(Metal Blade Records)
It’s a rare sight to watch a promising metal band make good on that promise. It’s an even rarer feat to hear one take leaps and bounds so early. Florida’s latest youthful metal export, Abiotic is a great example of such a band. The group’s sophomore album is light years ahead of debut Symbiosis. The debut showcased an immensely talented group of musicians, but riffs were too fleeting and breakdowns were all too common. There were certainly flashes of greatness, but the result was a deathcore band who clearly listened to a lot of The Black Dahlia Murder and The Faceless (who can blame them?). If Symbiosis‘ success is because it was attached to its influences (see what I did there…?), then Casuistry‘s success is in large part because Abiotic has been given some much needed life (sorry). This album was produced by the inimitable Jamie King, and the result is a rather organic listen (can’t stop). The resulting clarity and weight gives Casuistry a great lens with which to view this rising talent in the tech/prog death circle.
In many ways, you could make the comparison between Abiotic’s transition to greatness to what Job for a Cowboy did last year. They were both clearly impressive musicians before, but with an added layer of organic prog and with a heightened songwriting focus, both bands ended up transcending their assumed trajectories. While JFAC went a tad more esoteric, Abiotic’s success is in part because it embraced its inner desire to find the perfect balance between technical skill and memorable songwriting. Casuistry is sneakily progressive, taking to the sky a space odyssey in between hyper-shredding, or breaking out into a metallic maelstrom. Abiotic has found a great understanding of what works and doesn’t work in technical death metal in 2015. This doesn’t wank for the sake of wankery; “The Absence of Purity” feels more like a fire cracker than a showy grand finale, which is what makes that crafty guest solo from Between the Buried and Me’s Paul Waggoner stand out even more. In many ways, you could argue the band is just taking a more organic style of The Faceless worship to the next level, but Abiotic is able to craft solid enough songs that you don’t mind the comparison.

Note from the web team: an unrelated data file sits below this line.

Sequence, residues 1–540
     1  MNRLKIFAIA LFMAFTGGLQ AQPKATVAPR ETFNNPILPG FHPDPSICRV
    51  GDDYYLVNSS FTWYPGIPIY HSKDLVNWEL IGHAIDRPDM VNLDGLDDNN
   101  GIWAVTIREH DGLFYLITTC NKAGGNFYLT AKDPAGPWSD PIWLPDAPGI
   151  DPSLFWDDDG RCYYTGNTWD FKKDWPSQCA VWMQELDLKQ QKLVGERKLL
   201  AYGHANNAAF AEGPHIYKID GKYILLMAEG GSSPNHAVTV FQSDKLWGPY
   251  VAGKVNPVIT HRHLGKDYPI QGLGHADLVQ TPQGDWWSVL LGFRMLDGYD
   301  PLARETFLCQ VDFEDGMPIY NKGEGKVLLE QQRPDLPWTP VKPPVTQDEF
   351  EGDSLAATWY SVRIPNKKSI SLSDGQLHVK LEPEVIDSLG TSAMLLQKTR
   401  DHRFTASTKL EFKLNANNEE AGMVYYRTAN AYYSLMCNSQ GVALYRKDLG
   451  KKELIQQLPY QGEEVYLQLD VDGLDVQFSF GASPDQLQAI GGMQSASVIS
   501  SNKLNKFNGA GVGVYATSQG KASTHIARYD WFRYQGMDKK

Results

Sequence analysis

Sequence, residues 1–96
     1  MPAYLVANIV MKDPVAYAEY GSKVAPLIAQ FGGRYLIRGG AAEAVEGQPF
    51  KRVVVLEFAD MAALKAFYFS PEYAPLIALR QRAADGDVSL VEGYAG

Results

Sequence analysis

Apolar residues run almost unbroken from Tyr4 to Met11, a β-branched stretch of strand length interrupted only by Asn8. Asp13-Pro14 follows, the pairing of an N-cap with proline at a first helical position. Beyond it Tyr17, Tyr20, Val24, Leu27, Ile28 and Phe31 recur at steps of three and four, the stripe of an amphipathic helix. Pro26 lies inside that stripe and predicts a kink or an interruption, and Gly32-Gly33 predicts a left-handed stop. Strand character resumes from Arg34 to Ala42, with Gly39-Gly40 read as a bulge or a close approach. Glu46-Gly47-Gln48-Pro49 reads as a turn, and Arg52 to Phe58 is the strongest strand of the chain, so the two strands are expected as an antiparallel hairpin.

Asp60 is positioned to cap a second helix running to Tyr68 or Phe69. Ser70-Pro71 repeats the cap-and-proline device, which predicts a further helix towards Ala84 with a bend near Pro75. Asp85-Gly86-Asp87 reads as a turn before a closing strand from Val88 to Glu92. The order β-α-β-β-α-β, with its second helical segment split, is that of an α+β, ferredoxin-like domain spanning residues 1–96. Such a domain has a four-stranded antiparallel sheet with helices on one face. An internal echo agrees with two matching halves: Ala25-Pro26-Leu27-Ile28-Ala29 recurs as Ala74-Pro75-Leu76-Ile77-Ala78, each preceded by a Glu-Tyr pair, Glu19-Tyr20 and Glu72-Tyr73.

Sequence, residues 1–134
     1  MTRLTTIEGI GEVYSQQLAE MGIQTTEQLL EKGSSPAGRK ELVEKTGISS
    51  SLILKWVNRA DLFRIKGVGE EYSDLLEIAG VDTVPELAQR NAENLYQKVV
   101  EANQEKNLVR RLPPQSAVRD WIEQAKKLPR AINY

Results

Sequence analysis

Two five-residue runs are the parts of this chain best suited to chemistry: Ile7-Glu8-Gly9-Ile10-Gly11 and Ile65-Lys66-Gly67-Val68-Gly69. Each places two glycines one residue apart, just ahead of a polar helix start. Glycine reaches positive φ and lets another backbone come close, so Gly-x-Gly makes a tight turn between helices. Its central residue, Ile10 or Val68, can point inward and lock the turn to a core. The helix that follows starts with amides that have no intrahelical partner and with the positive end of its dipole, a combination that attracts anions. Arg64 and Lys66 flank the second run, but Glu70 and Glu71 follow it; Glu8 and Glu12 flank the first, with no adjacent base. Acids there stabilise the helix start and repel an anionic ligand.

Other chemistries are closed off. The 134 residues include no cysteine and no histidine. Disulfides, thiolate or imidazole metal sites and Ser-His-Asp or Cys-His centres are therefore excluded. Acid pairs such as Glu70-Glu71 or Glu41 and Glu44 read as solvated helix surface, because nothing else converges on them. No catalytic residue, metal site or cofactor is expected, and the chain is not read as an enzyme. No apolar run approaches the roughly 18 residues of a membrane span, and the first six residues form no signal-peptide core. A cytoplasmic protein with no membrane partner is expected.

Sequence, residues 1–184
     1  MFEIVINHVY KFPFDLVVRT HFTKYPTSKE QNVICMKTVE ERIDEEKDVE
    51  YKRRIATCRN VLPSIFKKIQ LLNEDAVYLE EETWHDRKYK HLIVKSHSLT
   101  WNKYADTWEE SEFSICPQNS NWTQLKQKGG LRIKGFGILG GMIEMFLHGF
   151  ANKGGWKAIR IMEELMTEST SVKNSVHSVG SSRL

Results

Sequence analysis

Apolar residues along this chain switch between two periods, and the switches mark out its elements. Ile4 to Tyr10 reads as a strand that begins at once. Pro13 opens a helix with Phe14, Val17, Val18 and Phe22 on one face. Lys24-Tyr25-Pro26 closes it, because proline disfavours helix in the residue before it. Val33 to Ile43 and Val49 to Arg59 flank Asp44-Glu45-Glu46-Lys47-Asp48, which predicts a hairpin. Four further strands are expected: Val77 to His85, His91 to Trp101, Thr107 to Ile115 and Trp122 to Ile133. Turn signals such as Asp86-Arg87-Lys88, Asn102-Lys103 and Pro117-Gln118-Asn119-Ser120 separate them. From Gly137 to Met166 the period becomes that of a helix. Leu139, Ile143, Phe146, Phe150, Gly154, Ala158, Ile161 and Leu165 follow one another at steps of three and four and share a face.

Unfortunately, the band falters in two somewhat predictable ways. First, it hasn’t left it’s deathcore past entirely behind, as there are a fair share of chugs strewn about here, most notably on the otherwise devastating “Reanimated Destruction”. For the most part, the breakdowns are executed well enough, but it’s difficult not to notice them when the rest of the record is littered with visceral riffs and jaw-dropping lead/solo work. On that note, the other issue is sometimes the band extends its reach a tad too far. Sometimes those progressive flourishes will hinder a song’s momentum or break a riff in half. Thankfully, neither of these complaints come up often enough to hinder what is otherwise a surprisingly impressive leap from these Floridians. Abiotic has taken a big leap with album number two, and fans of prog/tech death should pay attention. (Nicholas Senior)